Presentation on theme: "James J. Lickel, Ph.D. & Richard Machotka William S. Middleton Memorial Veterans Hospital."— Presentation transcript:
James J. Lickel, Ph.D. & Richard Machotka William S. Middleton Memorial Veterans Hospital.
Cluster of symptoms that follow exposure to a potentially traumatic event Marked by clear cognitive, behavioral, and physiologic changes Can be chronic if untreated and greatly affect quality of life NOT a sign of weakness, lack of resiliency, or lack of preparation
At least 50% of population will experience “trauma” in their lifetime, most more than once Most will experience symptoms of PTSD initially, but won’t go on to develop PTSD There are gender, racial, and ethnic differences in exposure to trauma and development of PTSD
Negative alterations in thoughts and mood Difficulty remembering aspects of event Exaggerated beliefs or expectations about self, others, or the world (“No one can be trusted”) Loss of interest in past enjoyable experiences Feeling detached or cut-off from others Emotional numbness
Common Reactions to Trauma Re-experiencing Intrusive thoughts Strong emotions when triggered by reminder Avoidance Of stimuli present at time of trauma Hyperarousal Increased vigilance Anger Adaptive Function Easily accessed memories that warn of danger Reduces likelihood of repeated exposure to threat Increased attention to threat & Display of preparedness
Psychological Processes Involved in Development of Symptoms of PTSD Dust in the air Debris Group of kids Ethnic dress Child’s laughter Military gearDensity of housing Knee pain Sound of gravel Associative Learning Smell of trash
Psychological Processes Involved in Development of Symptoms of PTSD “IEDs can be planted anywhere.” “I must have done something to ask for this.” “I trusted this man, it is my fault.” “He died on my watch.” “Markets and crowds are unsafe.” “You can never let your guard down.” Cognitive Change
“Natural Recovery” vs. PTSD Time PTSD Symptoms Demographics Social Support Etc. Avoidance Negative Beliefs (Dunmore, Clark, & Ehlers, 2001 )
Psychological Processes Involved in Maintenance of Symptoms of PTSD Dust in the air Debris Group of kids Ethnic dress Child’s laughter Military gearDensity of housing Knee pain Sound of gravel Avoidance Smell of trash
Current research suggests a number of physiological differences found in people diagnosed with PTSD ◦ Hormonal differences: Abnormalities in stress response hormone levels (glutamate, GABA, Norepinephirne, CRF. Responsible for preparing our bodies to respond to threat - > constant state of readiness ◦ Brain differences: Smaller hippocampus (Inhibition of HPA axis and processing of memories) Over-reactive amygdala (decreased threshold for “firing”) Under-reactive prefrontal cortex (inhibits amygdala and interferes with working memory)
Exposure Hierarchy 1. Grocery store with partner, not busy30 2. Restaurant with partner, back to wall35 3. Grocery store alone, not busy45 4. Grocery store with partner, moderately busy50 5. In line, facing sideways, wall to back50 6. Restaurant, whole family, back to wall50 7. Restaurant with partner, back to tables60 8. Elevator,1 or 2 people60 9. Movie with friends60 10. In line, facing forward or no wall at back65 11. Grocery store with partner, crowded65 12. Grocery store alone, moderately busy65 13. Feeling hot/sweaty70 14. Elevator, many people75 15. Mall alone, moderately busy75 16. Gym80 17. Restaurant, whole family, back to tables80 18. Go to friend’s house80 19. Mall alone, crowded95 20. Grocery store alone, crowded100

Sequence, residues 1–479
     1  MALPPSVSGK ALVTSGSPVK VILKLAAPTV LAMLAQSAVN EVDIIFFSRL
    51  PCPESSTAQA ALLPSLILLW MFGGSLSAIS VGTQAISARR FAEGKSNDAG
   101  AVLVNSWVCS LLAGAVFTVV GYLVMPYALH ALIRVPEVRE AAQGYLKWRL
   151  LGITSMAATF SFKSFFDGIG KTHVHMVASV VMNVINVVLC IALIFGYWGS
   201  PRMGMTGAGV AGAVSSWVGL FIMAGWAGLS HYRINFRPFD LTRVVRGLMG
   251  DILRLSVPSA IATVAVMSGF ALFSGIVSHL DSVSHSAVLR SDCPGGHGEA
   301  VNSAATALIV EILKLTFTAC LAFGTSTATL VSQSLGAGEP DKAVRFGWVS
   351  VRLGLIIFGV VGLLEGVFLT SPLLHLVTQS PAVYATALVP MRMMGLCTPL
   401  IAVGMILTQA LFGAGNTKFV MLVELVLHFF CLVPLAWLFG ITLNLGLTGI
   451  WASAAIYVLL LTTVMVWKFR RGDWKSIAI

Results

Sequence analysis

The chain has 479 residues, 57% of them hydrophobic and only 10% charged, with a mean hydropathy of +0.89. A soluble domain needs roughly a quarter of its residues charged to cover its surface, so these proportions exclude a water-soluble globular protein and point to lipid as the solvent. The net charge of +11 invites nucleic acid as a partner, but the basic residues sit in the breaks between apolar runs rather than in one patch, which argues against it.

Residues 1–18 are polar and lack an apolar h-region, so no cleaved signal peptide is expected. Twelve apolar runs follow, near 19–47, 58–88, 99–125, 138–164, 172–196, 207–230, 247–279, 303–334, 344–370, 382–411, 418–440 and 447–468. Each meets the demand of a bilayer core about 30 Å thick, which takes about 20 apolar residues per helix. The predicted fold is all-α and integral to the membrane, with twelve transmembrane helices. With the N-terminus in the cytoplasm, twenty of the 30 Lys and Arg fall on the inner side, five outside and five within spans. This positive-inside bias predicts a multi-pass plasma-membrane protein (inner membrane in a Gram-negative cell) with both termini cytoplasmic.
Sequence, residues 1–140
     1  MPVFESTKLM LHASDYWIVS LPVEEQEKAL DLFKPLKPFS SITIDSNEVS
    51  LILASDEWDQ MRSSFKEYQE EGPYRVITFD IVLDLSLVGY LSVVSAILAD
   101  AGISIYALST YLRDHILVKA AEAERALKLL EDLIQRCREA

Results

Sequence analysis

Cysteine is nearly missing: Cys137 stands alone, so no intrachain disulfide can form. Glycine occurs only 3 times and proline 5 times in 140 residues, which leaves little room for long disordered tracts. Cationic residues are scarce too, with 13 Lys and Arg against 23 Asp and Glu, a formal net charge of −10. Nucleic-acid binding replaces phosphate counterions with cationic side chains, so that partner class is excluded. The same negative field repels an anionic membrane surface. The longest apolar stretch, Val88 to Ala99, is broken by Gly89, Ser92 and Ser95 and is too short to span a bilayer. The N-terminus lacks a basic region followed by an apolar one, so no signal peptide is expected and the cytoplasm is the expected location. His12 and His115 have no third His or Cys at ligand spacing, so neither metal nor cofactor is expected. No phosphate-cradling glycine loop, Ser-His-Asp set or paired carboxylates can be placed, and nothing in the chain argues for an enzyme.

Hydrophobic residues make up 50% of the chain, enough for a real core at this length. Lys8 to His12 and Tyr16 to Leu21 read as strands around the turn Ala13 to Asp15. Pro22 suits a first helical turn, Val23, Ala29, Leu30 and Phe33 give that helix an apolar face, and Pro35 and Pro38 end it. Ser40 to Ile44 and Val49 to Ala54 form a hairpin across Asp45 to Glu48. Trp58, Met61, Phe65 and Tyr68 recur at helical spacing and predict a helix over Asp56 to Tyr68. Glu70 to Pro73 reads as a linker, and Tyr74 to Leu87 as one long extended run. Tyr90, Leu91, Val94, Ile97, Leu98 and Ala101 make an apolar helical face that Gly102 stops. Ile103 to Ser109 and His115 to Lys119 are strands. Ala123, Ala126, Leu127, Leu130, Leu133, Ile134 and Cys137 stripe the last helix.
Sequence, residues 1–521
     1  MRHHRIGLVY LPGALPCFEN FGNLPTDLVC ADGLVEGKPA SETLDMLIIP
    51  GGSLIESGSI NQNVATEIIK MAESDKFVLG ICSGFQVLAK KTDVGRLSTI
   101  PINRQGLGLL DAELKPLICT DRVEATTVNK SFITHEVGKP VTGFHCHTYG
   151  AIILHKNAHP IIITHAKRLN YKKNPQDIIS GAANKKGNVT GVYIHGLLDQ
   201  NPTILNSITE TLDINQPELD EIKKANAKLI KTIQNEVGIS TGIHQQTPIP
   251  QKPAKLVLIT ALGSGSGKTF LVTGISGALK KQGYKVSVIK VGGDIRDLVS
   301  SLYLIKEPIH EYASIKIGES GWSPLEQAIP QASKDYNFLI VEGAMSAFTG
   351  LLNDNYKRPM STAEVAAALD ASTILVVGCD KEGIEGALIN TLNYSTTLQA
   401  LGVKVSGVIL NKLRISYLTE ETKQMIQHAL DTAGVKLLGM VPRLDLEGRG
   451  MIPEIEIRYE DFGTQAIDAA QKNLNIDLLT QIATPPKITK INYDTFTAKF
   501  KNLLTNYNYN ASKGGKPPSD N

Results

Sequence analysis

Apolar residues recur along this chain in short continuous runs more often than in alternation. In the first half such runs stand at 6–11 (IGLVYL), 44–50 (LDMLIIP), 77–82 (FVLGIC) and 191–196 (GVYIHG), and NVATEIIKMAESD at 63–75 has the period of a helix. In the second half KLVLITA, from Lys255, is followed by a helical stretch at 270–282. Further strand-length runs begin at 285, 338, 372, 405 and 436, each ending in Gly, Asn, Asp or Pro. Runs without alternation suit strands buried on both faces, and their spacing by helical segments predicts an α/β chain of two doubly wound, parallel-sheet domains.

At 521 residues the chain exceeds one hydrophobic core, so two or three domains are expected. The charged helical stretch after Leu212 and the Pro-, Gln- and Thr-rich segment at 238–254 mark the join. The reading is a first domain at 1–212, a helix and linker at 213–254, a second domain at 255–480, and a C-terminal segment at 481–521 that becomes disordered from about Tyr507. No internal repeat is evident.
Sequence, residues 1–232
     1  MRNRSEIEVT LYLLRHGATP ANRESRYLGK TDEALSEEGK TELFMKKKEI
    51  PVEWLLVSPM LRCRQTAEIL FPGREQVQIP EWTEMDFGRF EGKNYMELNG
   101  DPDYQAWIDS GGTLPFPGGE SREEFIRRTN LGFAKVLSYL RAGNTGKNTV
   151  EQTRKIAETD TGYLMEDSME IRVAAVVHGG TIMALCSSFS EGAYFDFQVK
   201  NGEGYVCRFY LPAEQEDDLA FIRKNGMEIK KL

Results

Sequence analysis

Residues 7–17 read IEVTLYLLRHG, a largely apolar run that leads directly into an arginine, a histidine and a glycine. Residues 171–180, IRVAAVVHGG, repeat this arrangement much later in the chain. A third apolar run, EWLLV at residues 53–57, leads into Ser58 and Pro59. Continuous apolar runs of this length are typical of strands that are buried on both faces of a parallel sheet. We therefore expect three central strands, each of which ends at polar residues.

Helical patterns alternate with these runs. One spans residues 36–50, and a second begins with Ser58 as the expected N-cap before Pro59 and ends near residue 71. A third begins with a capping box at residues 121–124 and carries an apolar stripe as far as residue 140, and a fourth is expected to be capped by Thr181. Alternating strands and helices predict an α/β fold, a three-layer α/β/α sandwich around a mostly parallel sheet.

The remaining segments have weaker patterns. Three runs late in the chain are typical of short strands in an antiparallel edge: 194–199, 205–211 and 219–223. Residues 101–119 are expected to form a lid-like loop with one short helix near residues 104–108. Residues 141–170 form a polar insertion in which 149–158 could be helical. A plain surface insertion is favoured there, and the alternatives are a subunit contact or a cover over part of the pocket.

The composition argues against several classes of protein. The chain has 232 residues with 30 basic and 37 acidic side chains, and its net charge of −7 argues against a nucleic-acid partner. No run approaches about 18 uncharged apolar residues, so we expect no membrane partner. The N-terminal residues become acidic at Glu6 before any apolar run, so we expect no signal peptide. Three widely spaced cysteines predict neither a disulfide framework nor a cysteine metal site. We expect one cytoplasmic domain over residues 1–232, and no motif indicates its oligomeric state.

Anxiety increases Avoidance This situation is dangerous; I got out just in time; Something awful could have happened Anxiety Time Courtesy of Sally Moore, Ph.D.
Stop avoidance Anxiety decreases on its own This situation was not as dangerous as it felt; I can tolerate anxiety; I don’t have to avoid to feel better. Anxiety Time Courtesy of Sally Moore, Ph.D.
Psychoeducation Trauma account (evidence of efficacy without) Identification of “Stuck Points” Cognitive restructuring
Psychoeducation Impact Statement “Stuck Points” ◦ Those things trauma survivors say to themselves about the trauma/self/others/world. ◦ Examples “It was my fault. I could have prevented it.” “I am a monster for what I did during the war.” “I should have been able to save everyone.” “The world is an incredibly dangerous place.”
It is how we THINK about the event, not the event itself, that often causes us lasting distress ◦ Ex: Friend passing by A-B-C Model – core of CPT A = EventB = Belief/Thought C = Feeling Firefight resulting in casualty I let my friend die Guilty Sad
Sessions 4 - 6: Write/Read Trauma Account Sessions 6 - 7: Cognitive Work in depth Sessions 8 – 12: Explore Themes of Safety, Trust, Power/Control, Esteem, and Intimacy Continue to read account throughout course of treatment for purposes of exposure Session 12: Review of 2 nd Impact Statement
In general, trauma-focused therapies more effective than non-specific/supportive interventions and no treatment. No consistent differences observed between trauma- focused therapies, though there is limited research regarding this. Initial response rates of EBP for PTSD range between 40- 92%. Regular therapy attendance and family support associated with more positive outcome Initial severity of symptoms and benzodiazepine use associated with poorer outcome.
Outcomes for Veterans with PTSD Prolonged Exposure TherapyCognitive Processing Therapy (Schnurr et al., 2007) d = 1.58d = 0.50 (Monson et al., 2006) PCL
OEF/OIF Combat Veterans with PTSD Prolonged Exposure TherapyCognitive Processing Therapy (Tuerk et al., 2011)(Chard et al., 2010) PCL